What does the health department do in food services?

Published 12:00 am Sunday, August 7, 2011

Today the food service industry is one of the largest industries in the United States.

As Americans, we eat in restaurants more than any other generation. This is why it is vital for health departments to inspect each facility on a regular basis to protect the consumer and others from food-borne illnesses.

Food service inspections in restaurants and groceries / convenience stores are conducted over the licensing year.

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In Ohio, the license year runs from March 1 to the last day in February.

The inspections are unannounced and are a snap shot of the conditions in the food service at the time of the inspection.

The health department is required by state law to conduct these inspections.

An investigation inspection may also be conducted if a complaint is filed about a food service or retail food establishment (grocery or convenience stores).

The environmental public health sanitarian makes certain during the inspection that the food service is in compliance with the Ohio Uniform Food Code Chapter 3717 of the Ohio Administrative Code.

The food service is not only required to be in safe and sanitary operating conditions, but also that the food employees and cooks are practicing proper food handling techniques.

Proper handling and storing of raw meats, poultry, and eggs are important to prevent cross contamination of bacteria and other pathogens. These pathogens can cause food borne illnesses.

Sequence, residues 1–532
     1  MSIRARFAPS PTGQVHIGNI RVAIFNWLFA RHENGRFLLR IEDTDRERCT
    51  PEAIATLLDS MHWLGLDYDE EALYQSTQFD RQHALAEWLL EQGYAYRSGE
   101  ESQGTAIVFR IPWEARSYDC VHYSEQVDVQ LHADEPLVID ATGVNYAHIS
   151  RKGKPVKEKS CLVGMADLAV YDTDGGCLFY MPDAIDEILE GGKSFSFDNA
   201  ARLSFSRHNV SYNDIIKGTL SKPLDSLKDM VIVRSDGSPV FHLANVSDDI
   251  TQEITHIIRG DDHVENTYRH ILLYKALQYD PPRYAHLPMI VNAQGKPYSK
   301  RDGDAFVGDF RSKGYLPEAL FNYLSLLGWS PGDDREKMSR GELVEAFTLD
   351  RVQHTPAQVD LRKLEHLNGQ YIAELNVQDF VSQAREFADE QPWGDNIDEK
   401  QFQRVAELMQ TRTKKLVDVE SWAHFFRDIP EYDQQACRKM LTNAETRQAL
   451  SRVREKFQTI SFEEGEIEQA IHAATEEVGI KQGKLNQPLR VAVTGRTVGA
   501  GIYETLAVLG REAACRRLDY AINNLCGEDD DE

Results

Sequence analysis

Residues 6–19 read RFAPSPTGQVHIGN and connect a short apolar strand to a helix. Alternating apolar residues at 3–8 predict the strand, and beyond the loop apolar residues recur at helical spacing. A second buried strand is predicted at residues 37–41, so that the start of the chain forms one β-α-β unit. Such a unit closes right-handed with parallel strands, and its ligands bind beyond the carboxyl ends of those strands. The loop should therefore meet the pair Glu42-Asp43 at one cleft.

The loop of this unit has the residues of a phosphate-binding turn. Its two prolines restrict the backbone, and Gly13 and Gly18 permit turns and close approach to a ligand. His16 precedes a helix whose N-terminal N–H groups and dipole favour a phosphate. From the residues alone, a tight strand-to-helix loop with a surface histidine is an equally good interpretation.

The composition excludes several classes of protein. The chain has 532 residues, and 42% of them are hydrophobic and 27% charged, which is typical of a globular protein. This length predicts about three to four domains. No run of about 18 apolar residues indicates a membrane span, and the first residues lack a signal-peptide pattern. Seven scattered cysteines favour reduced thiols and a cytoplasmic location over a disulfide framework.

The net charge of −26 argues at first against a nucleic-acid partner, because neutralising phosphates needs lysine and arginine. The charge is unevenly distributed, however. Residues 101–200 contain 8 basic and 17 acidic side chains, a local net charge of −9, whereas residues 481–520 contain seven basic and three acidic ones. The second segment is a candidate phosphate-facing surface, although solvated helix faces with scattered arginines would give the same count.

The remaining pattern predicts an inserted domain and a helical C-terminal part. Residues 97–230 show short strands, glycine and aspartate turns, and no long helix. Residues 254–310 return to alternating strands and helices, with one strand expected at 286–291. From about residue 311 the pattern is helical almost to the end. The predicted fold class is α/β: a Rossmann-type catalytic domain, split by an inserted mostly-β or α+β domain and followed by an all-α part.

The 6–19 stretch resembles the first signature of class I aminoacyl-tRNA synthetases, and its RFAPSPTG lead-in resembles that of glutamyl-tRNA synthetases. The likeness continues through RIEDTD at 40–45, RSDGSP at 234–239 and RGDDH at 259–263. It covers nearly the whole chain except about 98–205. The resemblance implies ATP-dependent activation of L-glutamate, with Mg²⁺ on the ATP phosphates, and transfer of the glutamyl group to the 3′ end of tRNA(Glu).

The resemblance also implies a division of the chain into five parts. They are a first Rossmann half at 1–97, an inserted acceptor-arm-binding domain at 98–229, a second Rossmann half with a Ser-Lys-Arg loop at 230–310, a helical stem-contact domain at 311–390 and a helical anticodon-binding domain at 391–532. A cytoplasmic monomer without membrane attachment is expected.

Shift mangers are required to have a working knowledge of the uniform food code and to share that knowledge with their staff.

Written inspections are considered public information.

Anyone can request copies of the inspections for a food service.

The Tribune will be publishing future inspection summaries of the restaurants and retail food establishments.

Most food services in Ironton are earnestly trying to comply with the Ohio Uniform Food Code.

There are differences in violations and not all violations are critical ones, but relate to the actual facility.

As you read these inspection reports, remember the food service industry and the Ironton City Health Department are working together to make your dining experience a safe and enjoyable one.

Lana Cherrington, R.S., is the director of environmental health at the Ironton Health Department.